Russia slams US for its rights record
Moscow - Russia's foreign ministry has attacked United States' human rights record in its first report on injustice elsewhere in the world, offering examples such as the Guantanamo Bay prison and wrongful death row convictions to paint the US as hypocritical for lecturing other nations on the subject of rights.
"The situation in the United States is a far cry from the ideals that Washington proclaims," says the report released on Wednesday.
Moscow has previously reacted angrily to the accusations of human rights breaches that the US state department has levelled at Russia in its annual reports.
The state department has expressed concern about the violent attacks on rights activists and journalists in Russia, most of which go unpunished. It also has criticised abuses in Russia's Caucasus, including extrajudicial killings, kidnappings and torture.
The 90-page Russian report slams EU nations, Canada and Georgia, but reserves its longest section of 20 pages for what it says are violations by the United States.
The report does not cover Asia, Africa or the Middle East, other than a five-page section criticising the Nato operation in Libya.
Moscow laments the ongoing operation of the "notorious" prison in Guantanamo Bay, where terrorism suspects have been held since the September 11 2001 attacks, and criticises President Barack Obama for "legalising indefinite and extrajudicial custody and the return of court martials".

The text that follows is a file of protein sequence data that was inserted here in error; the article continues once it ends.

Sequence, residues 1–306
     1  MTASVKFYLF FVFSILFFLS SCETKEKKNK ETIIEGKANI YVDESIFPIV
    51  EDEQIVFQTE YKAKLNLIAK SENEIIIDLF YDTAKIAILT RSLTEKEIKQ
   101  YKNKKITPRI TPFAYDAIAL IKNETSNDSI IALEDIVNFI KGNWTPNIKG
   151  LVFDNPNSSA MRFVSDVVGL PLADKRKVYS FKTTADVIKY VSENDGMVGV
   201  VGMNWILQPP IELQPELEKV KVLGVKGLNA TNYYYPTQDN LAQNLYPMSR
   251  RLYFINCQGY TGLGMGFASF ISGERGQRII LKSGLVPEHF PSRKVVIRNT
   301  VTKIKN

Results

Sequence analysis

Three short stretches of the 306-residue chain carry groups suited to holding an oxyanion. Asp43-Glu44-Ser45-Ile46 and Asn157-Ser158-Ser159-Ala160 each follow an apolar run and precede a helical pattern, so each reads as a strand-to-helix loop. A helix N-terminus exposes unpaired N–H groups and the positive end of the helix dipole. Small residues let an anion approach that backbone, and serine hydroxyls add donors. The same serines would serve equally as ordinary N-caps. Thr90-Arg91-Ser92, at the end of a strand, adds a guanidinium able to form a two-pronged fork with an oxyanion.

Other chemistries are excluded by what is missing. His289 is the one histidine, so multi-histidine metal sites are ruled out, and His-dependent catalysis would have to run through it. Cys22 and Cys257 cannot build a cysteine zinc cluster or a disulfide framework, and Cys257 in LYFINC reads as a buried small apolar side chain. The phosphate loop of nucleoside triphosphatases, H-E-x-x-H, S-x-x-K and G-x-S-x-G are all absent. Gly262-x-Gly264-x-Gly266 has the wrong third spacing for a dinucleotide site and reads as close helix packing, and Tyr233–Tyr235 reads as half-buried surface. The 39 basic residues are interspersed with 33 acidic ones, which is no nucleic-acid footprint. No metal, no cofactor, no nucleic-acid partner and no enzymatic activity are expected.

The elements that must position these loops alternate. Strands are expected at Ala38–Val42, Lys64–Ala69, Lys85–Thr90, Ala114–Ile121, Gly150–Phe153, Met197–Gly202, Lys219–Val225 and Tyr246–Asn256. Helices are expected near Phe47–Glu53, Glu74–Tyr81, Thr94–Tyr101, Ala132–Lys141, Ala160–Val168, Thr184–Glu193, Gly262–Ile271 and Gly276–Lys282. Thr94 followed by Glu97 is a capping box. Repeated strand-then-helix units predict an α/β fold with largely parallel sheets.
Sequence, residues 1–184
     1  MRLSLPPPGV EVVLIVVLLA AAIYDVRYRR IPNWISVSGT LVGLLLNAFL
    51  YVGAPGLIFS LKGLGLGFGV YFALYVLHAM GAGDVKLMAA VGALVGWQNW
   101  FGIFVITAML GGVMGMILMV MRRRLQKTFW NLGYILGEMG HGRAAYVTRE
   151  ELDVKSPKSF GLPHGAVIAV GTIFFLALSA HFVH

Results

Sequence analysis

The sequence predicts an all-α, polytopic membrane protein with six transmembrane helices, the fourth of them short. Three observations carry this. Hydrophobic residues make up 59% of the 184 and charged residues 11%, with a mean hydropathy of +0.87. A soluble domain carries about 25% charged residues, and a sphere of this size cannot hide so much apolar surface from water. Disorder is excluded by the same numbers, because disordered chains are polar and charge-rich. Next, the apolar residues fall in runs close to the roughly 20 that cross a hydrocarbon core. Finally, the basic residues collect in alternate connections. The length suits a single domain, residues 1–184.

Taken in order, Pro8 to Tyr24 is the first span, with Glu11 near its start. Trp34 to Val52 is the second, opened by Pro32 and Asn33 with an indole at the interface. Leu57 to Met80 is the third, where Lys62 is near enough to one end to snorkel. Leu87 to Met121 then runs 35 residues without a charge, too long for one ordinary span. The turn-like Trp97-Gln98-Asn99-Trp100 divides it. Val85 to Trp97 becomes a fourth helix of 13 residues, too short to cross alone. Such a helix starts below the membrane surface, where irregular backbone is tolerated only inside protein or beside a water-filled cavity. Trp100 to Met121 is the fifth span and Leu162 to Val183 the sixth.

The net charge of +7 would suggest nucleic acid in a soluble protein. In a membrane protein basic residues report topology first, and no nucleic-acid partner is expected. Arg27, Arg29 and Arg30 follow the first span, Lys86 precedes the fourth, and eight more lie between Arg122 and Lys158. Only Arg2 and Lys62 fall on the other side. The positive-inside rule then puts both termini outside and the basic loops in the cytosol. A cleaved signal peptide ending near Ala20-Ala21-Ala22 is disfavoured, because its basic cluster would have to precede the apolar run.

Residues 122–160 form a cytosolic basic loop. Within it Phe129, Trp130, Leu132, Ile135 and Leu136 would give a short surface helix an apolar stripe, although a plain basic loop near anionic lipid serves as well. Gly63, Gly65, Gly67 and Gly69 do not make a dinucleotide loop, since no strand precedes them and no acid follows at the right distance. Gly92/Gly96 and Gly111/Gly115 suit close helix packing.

The report accuses the US of prying into citizens' personal lives and violating the rights of Muslim Americans in the fight against terrorism. It also points to errors made by American courts.
"Judicial errors are the Achilles heel of American justice as concerns capital punishment," the report argues.
It notes the roughly 130 people sentenced to death in the past 30 years who were later cleared of the charges, some after they were executed.
The foreign ministry also struck back at international criticism of Russia's recent parliamentary election, which independent observers said involved widespread fraud.
Outrage over the vote set off a spate of protests led by citizens unhappy with Vladimir Putin's rule.
The report accuses the US of blocking independent candidates from elections and criticises the practice of allowing governors to nominate senators when a Senate seat is vacated, as when Obama became president.
It refers to the conviction this year of former Illinois Governor Rod Blagojevich, who was accused of trying to auction off Obama's Senate seat.